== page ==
National Self-Injury Awareness Day seeks to encourage sufferers to get help and change the perception of those dealing with self-injurers.

Self-Injury is undoubtedly difficult to understand – our bodies have impulses that force us to protect ourselves from pain or danger. When someone we love is hurting themselves, it can be even harder to comprehend the reasons and motives. For the person harming themselves – there can be a whole variety of reasons. Some of the most common reasons are; control or punishment of the body, outward expression of inward agony and as a tool for mood regulation.

One of the most important things for people to know is that self-injury is not a suicide attempt, rather it is an attempt to survive life. The following is some advice compiled from the mental health charities Mind and Rethink:

Defining Self Harm:
Self-harm is a deliberate and intended action designed to cause harm to your own self, it is not a suicide attempt.

Self Harm includes:
scratching, cutting or burning your skin.
poisoning yourself.
hitting yourself against objects.
taking a drug overdose.
swallowing or putting other things inside yourself.

Who self harms?
Any age group, although most believe it to be a problem mainly amongst teens and twenties.
1 in 10 teenagers self harm, with a ratio of female to male is 3:1.
The UK has the highest recorded self harm rate in Europe.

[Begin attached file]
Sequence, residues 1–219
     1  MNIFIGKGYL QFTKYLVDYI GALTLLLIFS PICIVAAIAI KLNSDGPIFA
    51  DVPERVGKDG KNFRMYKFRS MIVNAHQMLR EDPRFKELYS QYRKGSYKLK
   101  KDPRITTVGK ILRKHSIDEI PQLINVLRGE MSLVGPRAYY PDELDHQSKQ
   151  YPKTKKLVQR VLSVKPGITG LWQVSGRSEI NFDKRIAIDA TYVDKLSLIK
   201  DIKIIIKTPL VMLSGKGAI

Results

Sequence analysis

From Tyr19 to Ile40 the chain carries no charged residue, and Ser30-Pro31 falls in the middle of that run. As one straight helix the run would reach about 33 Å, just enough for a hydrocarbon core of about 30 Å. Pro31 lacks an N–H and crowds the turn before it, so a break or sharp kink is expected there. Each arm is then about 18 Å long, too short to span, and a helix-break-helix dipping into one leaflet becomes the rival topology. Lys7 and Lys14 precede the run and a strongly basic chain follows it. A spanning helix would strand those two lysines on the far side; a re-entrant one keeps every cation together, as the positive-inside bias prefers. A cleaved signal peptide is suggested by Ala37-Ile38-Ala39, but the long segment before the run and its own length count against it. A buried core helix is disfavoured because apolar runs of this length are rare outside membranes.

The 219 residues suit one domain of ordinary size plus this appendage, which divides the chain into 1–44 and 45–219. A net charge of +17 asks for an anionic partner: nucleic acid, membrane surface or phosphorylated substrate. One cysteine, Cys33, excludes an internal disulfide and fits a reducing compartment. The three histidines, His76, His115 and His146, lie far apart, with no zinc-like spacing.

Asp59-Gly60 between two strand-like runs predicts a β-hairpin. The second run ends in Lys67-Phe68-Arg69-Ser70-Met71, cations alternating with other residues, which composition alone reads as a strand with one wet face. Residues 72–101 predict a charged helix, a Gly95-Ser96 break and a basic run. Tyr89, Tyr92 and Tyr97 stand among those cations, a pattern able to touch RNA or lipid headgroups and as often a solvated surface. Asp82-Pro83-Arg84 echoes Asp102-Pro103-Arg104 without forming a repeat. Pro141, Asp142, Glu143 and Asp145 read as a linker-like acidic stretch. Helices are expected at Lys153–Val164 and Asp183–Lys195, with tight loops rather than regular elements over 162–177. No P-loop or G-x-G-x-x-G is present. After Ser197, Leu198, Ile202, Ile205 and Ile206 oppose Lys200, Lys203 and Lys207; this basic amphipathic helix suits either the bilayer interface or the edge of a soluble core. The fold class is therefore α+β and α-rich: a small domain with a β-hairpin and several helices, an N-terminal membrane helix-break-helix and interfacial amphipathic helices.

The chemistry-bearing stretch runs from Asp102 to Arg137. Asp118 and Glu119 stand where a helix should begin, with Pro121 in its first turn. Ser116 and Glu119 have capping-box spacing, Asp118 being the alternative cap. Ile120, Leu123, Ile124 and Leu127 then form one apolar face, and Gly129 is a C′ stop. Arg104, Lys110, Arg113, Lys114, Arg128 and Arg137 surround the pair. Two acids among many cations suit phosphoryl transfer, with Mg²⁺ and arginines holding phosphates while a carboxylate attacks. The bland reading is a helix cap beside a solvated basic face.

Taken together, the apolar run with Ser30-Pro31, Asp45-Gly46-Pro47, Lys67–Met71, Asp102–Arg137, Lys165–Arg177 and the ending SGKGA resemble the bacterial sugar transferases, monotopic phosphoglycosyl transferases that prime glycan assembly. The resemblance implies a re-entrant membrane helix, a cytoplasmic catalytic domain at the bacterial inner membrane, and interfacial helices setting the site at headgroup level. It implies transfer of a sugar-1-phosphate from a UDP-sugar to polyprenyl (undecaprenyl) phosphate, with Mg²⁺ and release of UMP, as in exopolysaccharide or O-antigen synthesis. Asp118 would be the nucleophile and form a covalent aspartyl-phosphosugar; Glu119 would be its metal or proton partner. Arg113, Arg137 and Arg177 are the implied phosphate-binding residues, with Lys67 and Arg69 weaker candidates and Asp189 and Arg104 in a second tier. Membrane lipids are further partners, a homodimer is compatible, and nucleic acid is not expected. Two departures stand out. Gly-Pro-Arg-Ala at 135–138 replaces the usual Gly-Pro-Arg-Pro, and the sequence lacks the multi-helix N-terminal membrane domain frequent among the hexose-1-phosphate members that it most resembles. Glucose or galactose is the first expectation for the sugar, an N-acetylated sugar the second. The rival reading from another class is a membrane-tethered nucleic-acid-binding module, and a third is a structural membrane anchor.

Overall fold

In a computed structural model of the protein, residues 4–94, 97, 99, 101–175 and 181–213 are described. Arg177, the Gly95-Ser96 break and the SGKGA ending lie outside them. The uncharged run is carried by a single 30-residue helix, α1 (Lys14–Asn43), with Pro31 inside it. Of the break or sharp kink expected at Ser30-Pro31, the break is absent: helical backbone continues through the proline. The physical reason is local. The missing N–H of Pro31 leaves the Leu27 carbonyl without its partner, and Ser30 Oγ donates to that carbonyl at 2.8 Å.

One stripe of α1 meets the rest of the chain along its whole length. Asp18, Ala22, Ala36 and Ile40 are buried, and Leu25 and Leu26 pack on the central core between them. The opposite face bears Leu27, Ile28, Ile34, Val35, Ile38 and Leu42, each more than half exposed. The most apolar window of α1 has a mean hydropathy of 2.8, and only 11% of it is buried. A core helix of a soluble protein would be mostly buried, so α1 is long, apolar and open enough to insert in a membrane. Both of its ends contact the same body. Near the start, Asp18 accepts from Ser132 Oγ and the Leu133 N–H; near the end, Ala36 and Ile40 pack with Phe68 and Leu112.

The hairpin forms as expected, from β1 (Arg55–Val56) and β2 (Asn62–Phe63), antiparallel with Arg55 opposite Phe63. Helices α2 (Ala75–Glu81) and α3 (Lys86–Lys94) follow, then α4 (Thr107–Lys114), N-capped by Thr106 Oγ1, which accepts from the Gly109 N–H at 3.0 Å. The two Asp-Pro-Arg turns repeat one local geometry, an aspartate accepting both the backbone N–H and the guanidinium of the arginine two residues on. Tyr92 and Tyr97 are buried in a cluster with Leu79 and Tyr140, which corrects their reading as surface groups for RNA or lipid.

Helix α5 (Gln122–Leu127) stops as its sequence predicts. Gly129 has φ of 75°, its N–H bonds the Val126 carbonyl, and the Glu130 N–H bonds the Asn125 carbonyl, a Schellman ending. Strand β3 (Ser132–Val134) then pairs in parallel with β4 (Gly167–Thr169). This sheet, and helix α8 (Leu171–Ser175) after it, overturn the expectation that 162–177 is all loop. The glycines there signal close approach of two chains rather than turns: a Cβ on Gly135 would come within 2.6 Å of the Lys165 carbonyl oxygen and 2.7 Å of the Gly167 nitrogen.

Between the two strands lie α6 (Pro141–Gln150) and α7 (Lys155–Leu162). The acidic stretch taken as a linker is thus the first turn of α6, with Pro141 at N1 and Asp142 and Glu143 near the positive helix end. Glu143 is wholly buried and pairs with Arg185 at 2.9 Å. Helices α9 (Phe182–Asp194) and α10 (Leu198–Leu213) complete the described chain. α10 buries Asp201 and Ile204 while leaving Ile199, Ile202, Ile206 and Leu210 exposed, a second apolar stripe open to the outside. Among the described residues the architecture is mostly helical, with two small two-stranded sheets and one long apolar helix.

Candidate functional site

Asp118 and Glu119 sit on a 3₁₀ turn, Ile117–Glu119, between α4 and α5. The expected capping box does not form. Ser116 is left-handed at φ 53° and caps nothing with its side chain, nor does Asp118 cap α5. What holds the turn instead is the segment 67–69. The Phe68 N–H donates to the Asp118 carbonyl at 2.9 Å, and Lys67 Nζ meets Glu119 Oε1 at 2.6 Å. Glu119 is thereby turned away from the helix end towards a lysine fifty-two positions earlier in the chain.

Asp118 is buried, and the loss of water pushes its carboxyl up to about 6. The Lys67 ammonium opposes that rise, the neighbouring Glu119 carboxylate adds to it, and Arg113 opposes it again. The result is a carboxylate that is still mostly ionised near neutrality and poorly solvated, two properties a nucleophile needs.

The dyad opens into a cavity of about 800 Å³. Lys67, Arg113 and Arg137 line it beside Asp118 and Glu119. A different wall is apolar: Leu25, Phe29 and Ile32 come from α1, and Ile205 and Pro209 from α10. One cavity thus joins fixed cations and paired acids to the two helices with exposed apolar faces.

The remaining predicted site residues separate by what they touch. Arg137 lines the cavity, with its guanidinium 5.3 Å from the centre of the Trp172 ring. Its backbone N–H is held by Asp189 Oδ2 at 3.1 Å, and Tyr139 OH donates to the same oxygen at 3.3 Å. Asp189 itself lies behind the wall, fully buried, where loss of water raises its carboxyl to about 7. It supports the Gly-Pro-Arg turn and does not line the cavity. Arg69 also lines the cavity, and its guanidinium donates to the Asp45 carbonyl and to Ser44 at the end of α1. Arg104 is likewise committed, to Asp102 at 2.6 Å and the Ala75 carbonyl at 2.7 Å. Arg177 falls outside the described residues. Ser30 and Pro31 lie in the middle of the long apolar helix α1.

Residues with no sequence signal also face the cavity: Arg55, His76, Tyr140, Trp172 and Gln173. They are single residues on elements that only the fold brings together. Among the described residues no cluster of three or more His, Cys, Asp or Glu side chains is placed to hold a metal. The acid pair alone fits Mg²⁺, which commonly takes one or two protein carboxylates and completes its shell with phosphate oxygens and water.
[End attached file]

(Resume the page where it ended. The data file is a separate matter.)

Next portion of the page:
Why do people self harm?
It can trigger a release of endorphins
Routines and self-nurturing – a set way of harming and then caring for themselves after.
It can act as a release from anxiety.

What to do/say…
Don’t display disgust.
Encourage the person to talk.
Encourage the person to seek medical help.
Don’t deal with it alone.
Educate yourself.
Take care of yourself.
Don’t offer ultimatums.

Self harm is scary. It’s scary for the one harming, and it’s scary for the ones trying to help. It is ok that it’s scary. It is ok to face this fear and get alongside the hurting. In the book of Isaiah it says: “A bruised reed He will not break, and a dimly burning wick he will not quench” Isa 42:3. God doesn’t destroy the struggling. God does not give up on His hurting people. I’m going to end this post with the words of a hymn that seems to say this far more eloquently than I could:

O love that wilt not let me go,
I rest my weary soul in thee
I give thee back the life I owe
That in thine ocean depths its flow
May richer, fuller be.

O joy that seekest me through pain
I trace the rainbow through the rain
And feel the promise not in vain
That morn shall tearless be.
George Matheson

 

(1) http://www.mind.org.uk